Be Vulnerable

Six months ago to the day I hit publish on my first post. Four blogs in six months…that’s about right. I keep seeing others around me posting weekly, and it makes me wonder what I’m doing wrong.  After six months of soul searching, I finally figured it out. For the first time in my career, I’m afraid of what others might think. I was always the first in line to tell other educators that they should learn from/with others around them, they need to share what they’re doing, and that they should crave for others to be in their rooms to offer feedback. Those things came naturally to me. They were easy. To some, that makes them want to throw up and find a different profession. I’ve never quite understood that…until now.

Blogging is my “having others in my classroom to offer feedback.” Blogging has taken me to the line that my insides have created that separates tranquility from feeling like a war zone. Based on the fact that this is my fourth blog in six months, you can easily figure out which side of the line I’ve been on. I don’t want that. It’s actually the last thing I want. If I’m pushing my teachers to not focus on their fears of others judging them, why am I not modeling that for them? I have the opportunity to use this as a platform to showcase the great work they are doing with their students and hopefully to help them grow their craft. I don’t see any negatives there. It’s me not living out what I’m pushing them to do themselves.

Robert Kaplinsky wrote a blogpost a few weeks back that has caught the educational world by storm to start this school year. It’s more than a blogpost. It’s a challenge to be vulnerable. Since this post, teachers across the country have been posting a sign on the outside of their classroom asking for visitors to come in, watch them teach, and then offer feedback based on specific areas they want to improve. #ObserveMe is a sign of vulnerability. It’s not a statement to others saying I’m comfortable with anyone being in my room. What is actually says is that I’m willing to put student learning ahead of my own personal feelings, because I want to be better at what I do for my kids. In the past few days, #ObserveMe signs have been placed on four different classroom doors in one of my buildings. I love the desire to get better. I love the willingness to put nerves and personal feelings aside for the sake of improving. I love that being vulnerable, which is naturally difficult, will allow these teachers to reach more students.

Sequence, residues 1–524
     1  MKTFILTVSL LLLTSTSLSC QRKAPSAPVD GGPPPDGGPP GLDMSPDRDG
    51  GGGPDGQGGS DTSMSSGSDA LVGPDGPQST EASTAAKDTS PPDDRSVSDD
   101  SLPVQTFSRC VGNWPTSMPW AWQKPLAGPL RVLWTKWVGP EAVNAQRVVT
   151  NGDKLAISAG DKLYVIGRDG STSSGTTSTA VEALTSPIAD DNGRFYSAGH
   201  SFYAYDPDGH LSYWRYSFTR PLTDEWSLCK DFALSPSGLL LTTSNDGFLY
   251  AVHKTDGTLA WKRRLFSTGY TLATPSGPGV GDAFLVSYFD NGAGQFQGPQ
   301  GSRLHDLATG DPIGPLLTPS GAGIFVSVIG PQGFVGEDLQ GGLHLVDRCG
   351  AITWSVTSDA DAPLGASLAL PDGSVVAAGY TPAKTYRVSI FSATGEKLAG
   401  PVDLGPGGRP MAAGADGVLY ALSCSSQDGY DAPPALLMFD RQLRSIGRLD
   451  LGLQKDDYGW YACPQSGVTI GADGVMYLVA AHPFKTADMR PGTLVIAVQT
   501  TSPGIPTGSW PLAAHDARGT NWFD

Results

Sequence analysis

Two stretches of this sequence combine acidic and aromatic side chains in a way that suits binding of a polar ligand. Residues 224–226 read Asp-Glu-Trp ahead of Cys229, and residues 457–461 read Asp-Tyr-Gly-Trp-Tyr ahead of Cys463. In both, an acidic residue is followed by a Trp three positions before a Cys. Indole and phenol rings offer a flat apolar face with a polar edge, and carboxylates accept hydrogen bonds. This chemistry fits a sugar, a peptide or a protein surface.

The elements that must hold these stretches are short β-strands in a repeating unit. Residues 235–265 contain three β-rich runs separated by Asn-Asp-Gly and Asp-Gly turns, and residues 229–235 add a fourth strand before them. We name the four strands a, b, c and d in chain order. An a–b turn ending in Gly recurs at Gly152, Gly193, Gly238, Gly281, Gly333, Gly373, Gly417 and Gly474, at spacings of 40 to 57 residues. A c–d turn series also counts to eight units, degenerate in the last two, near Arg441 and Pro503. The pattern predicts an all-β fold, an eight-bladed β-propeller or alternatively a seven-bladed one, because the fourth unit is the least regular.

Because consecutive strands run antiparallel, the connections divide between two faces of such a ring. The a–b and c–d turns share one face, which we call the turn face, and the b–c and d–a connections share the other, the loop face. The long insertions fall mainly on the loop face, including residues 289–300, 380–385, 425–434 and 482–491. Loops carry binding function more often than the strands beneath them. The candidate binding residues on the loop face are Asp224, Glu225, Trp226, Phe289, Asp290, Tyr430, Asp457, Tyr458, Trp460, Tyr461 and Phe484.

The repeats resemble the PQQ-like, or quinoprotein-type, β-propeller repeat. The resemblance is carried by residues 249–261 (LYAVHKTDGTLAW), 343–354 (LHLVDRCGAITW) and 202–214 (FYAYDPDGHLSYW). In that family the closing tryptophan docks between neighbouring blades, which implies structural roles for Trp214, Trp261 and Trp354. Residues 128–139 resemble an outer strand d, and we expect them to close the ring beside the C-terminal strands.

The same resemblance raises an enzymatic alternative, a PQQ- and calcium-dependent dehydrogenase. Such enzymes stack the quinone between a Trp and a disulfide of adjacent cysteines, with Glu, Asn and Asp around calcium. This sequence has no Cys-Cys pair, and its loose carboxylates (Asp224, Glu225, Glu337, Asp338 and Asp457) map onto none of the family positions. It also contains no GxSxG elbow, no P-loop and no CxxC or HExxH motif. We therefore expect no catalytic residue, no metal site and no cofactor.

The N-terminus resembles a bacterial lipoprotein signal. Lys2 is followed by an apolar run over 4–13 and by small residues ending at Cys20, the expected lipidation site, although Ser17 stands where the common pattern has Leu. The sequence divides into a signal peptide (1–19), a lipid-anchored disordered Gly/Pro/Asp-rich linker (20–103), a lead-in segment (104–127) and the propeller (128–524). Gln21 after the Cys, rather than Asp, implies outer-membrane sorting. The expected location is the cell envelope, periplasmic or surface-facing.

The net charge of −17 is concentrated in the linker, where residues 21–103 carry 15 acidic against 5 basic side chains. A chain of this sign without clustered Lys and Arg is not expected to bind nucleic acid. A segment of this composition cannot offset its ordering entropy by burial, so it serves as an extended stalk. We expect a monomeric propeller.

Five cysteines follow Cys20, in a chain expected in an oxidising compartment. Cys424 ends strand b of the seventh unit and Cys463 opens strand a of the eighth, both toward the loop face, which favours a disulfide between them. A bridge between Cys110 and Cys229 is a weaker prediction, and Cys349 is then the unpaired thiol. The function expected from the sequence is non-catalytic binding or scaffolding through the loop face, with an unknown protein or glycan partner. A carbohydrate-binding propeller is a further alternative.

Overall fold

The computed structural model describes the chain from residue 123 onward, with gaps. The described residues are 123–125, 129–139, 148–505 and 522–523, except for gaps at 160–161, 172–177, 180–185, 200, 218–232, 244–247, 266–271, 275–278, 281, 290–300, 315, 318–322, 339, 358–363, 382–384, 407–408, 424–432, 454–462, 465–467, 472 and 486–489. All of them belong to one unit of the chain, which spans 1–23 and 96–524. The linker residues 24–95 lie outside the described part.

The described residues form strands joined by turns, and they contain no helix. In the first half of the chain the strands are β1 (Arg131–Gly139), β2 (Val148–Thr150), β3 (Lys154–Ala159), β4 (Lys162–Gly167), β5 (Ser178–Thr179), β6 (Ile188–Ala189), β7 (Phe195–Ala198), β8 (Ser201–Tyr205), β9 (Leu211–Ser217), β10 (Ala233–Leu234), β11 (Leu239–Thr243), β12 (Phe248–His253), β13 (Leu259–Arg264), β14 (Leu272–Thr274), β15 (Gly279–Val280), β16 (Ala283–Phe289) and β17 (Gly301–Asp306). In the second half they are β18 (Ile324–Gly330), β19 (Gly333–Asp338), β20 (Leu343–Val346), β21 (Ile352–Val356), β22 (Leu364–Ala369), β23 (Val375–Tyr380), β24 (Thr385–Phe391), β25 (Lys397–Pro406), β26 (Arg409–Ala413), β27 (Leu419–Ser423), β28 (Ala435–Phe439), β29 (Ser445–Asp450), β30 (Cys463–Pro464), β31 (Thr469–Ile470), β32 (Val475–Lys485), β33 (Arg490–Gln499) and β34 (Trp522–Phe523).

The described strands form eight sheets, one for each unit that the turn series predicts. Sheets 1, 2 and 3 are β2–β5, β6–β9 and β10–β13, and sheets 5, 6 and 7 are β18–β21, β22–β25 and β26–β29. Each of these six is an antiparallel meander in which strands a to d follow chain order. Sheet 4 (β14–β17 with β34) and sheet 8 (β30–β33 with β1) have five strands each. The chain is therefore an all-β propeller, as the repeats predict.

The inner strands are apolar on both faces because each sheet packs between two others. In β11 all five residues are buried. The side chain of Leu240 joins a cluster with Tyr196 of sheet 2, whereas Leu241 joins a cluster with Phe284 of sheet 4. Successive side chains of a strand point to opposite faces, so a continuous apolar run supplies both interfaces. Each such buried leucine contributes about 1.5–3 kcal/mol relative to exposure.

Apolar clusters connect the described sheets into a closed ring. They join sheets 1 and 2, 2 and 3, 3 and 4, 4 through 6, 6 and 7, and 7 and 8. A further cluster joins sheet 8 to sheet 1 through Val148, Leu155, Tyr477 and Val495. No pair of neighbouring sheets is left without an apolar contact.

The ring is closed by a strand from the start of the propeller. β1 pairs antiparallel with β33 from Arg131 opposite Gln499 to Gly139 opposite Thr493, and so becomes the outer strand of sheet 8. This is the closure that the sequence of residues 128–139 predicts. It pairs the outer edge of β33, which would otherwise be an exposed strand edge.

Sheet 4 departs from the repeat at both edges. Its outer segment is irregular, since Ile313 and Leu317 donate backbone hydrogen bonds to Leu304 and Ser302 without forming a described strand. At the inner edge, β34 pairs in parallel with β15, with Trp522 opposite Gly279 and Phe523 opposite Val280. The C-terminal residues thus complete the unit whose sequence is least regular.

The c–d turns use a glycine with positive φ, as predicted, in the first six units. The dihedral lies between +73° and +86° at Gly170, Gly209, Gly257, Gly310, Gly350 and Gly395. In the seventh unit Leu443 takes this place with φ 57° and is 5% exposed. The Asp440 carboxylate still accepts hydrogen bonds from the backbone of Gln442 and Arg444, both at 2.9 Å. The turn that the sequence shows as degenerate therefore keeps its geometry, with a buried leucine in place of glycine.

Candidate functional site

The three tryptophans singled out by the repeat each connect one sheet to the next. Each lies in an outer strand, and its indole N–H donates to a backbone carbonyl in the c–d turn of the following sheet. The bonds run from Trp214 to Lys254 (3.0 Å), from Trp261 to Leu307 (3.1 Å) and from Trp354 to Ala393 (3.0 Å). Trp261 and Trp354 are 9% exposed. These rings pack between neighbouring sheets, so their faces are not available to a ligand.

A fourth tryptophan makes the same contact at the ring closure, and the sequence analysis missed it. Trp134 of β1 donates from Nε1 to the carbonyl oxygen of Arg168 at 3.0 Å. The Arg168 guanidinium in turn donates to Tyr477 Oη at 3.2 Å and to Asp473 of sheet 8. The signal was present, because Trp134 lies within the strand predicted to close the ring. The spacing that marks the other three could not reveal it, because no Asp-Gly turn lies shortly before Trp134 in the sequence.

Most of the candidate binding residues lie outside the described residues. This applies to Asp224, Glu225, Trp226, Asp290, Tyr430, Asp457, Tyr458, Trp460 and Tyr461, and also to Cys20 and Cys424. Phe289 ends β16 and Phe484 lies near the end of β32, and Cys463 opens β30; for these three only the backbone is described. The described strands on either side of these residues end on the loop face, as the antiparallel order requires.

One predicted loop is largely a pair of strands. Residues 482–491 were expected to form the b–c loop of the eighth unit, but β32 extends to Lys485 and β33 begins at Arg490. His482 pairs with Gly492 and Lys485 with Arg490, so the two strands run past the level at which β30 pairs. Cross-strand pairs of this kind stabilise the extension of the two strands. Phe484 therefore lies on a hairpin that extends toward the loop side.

I’m expecting four to turn into eight, and then into sixteen. I think when others see that it’s okay to not feel comfortable, it’s going to continue to spread. Seeing these four teachers post #ObserveMe signs made me really think about my issues with others reading my writing. It doesn’t have to be perfect. I know that. I’d like for it to be perfect though. Regardless, I’m not going to let that fear stop me from sharing stories and hopefully helping other educators connect and grow.

Let’s be vulnerable!